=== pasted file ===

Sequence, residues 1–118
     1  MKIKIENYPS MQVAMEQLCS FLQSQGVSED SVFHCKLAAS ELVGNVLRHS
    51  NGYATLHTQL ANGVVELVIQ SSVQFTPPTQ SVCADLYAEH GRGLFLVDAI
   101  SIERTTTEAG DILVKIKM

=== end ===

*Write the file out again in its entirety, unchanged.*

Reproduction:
Sequence, residues 1–118
     1  MKIKIENYPS MQVAMEQLCS FLQSQGVSED SVFHCKLAAS ELVGNVLRHS
    51  NGYATLHTQL ANGVVELVIQ SSVQFTPPTQ SVCADLYAEH GRGLFLVDAI
   101  SIERTTTEAG DILVKIKM